How much do we know of modern German wine? In this five-part series Chris Losh visits the winemakers that are reshaping the country’s landscape, and debunks some worn-out clichés in the process
Germany is a cool-climate wine producing country
Before my inbox is bombarded by furious German winemakers, I’d ﬁrst of all like to point out that OF COURSE Germany is a cool-climate wine producing country. On the Winkler Index, it comes between Marlborough and Canada’s Okanagan Valley, and not that far behind Eastbourne in Sussex. But – and here’s the kicker – it’s getting decidedly warmer.
At the time of this journalist’s visit in June, temperatures were so swelteringly high that the lead story on the TV news concerned the local zoo having to rub suncream into its tapir to prevent the hapless animal from getting sunstroke. Literally every winemaker I spoke to had examples of climate change.
Germany’s wineries are growing reds now because they can
In Baden (the warmest region) Patrick Johner of Weingut Karl H Johner told me that they are able to acidify ‘in exceptional years’, before wryly adding: ‘But every year since 2003 we have applied for an “exception”.’ Last year saw 15 days over 40°C. Clearly these changes have revolutionised the possibilities for red wine production – doubtless one of the reasons (along with the world’s great Pinot love-in) that plantings of Spätburgunder have soared. Put simply, Germany’s wineries are growing reds now because they can.
The cheapest are a good alternative to Bourgogne rouge, while the best can be breathtaking. Expensive, but justiﬁably so. Higher temperatures may go some way to explaining the rising popularity of Pinots Gris and Blanc as well. But how is the rising mercury affecting the elegant, acid-driven Riesling? ‘Riesling needs 100 days for ripeness,’ says Konstantin Guntrum of the eponymous winery in Rheinhessen. ‘We would much rather have 28°C than 38°C.’ All of which might make you wonder how beneﬁcial centuries of established planting wisdom might be in the new reality.
The last tough vintage I had was 1984. If anyone’s beneﬁted from global warming, it’s us!
Germany’s vineyard strategy was described to me by one winemaker as being about ‘rivers and slopes’. Rivers because they reﬂect the light during the day, increasing solar radiation, while also gathering cool air at night – for acidity-enhancing diurnal differences. Slopes because they gather the sun’s rays more effectively. Loosen – who has some exceptional vineyards clinging to the steep slopes of the Mosel – reckons that a vineyard on a slope gets two to three times the sun exposure. In other words, plantings have been designed to make the most of what sun there is. But is this a good thing? Should we be concerned that rising temperatures will change the character of Riesling?
Loosen has no time for such conjecture. ‘My father had three good, three mediocre and four undrinkable vintages in every 10-year period,’ he says dismissively. ‘The last tough vintage I had was 1984. If anyone’s beneﬁted from global warming, it’s us!’ To make his point, Loosen cites 1980, a vintage with 6% potential alcohol and 20g/litre of acidity. ‘I’m glad we don’t have those wines any more,’ he says with monumental understatement. ‘Those bottles are just about drinkable now, but it’s not a viable business to wait for 40 years.’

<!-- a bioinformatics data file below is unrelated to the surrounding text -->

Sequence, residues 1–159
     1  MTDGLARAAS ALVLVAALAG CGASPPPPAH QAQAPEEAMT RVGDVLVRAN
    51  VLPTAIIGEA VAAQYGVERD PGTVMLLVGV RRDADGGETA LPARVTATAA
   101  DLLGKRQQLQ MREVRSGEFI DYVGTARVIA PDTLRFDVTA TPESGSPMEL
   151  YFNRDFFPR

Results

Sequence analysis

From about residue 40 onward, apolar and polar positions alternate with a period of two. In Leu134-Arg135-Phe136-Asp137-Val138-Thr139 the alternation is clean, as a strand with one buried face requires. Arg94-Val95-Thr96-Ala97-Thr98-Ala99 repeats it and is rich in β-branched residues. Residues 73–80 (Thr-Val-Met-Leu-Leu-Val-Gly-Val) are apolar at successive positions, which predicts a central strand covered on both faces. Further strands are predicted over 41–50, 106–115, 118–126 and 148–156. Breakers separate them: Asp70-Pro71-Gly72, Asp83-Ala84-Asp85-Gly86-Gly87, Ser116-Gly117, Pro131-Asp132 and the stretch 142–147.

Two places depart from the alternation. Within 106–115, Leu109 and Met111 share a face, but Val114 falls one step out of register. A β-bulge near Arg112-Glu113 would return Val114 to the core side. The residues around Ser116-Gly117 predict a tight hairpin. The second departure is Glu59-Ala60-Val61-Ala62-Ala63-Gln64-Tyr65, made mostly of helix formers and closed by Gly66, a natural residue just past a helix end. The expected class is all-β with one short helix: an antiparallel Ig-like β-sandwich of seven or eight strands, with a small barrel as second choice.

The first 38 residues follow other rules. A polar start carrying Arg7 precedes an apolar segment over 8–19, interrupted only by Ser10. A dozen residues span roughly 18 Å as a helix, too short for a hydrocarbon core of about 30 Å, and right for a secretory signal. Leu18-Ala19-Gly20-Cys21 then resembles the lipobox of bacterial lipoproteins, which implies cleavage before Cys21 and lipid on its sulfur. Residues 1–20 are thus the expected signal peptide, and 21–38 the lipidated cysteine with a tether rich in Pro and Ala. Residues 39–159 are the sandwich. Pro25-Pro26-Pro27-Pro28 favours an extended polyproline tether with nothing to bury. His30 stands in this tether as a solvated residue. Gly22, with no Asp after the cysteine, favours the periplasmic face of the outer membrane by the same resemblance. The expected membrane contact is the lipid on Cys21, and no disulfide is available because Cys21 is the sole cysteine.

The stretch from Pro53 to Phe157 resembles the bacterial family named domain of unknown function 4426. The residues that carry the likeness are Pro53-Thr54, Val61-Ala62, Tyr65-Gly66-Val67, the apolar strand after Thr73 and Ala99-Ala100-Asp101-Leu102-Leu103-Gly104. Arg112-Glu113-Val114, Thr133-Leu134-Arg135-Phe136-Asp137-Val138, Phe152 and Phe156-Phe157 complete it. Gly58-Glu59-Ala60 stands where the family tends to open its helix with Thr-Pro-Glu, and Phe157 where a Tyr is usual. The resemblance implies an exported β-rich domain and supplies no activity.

We might have one year in 10 that’s a bit too warm, but in the last 20 years we’ve not had one bad vintage. It’s a lot more stable
In the Nahe, Helmut Dönnhoff is another who’s seen it all, in a winemaking career that’s spanned almost 50 years. He believes that average temperatures are one degree higher than 30 years ago. And like Ernie Loosen, he sees it as a bonus. ‘We might have one year in 10 that’s a bit too warm,’ he says, ‘but in the last 20 years we’ve not had one bad vintage. It’s a lot more stable.’ More sun tends to equal ‘higher yields’ but neither Loosen nor Dönnhoff see that as a problem. ‘With Pinot Noir, if you have high yields, the quality goes down,’ says the latter. ‘But with Riesling you can have high yields and good quality. When the yields get too low, you get too much power.’ While climate change has been a good thing for Germany’s winemakers it has meant a more or less 180° shift in mentality – and nowhere is this more clearly seen than at Gunderloch on a hot south-east facing terrace above the Rhine.
‘This area used to be one of the few areas in Germany that could ripen grapes easily,’ says winemaker Johannes Hasselbach. ‘Now we have to put that in the bin and think again. ‘In earlier times it was about maximising energy. Now we have to work to reduce vigour and slow things down, otherwise we will be harvesting Rieslings at 14% alcohol.’ It’s something that the younger generation – some of whom have gained experience in the New World – have less of a problem with than their parents, for whom old habits can die hard. ‘I want to wait [to start the harvest],’ says Dönnhoff, ‘that’s how it was for the ﬁrst half of my life. But my son Cornelius looks more to acidity than sugar level to decide when to start the harvest. Sugar we have now… that’s what’s changed.’